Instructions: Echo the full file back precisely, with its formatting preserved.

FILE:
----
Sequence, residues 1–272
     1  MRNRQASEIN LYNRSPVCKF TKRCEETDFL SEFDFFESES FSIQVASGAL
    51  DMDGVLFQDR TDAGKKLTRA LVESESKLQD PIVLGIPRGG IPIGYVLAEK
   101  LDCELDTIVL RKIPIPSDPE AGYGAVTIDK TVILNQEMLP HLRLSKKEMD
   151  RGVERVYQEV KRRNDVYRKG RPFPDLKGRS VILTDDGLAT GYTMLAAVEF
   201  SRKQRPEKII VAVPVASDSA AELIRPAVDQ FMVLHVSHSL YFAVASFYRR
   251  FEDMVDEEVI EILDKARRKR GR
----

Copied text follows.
Sequence, residues 1–272
     1  MRNRQASEIN LYNRSPVCKF TKRCEETDFL SEFDFFESES FSIQVASGAL
    51  DMDGVLFQDR TDAGKKLTRA LVESESKLQD PIVLGIPRGG IPIGYVLAEK
   101  LDCELDTIVL RKIPIPSDPE AGYGAVTIDK TVILNQEMLP HLRLSKKEMD
   151  RGVERVYQEV KRRNDVYRKG RPFPDLKGRS VILTDDGLAT GYTMLAAVEF
   201  SRKQRPEKII VAVPVASDSA AELIRPAVDQ FMVLHVSHSL YFAVASFYRR
   251  FEDMVDEEVI EILDKARRKR GR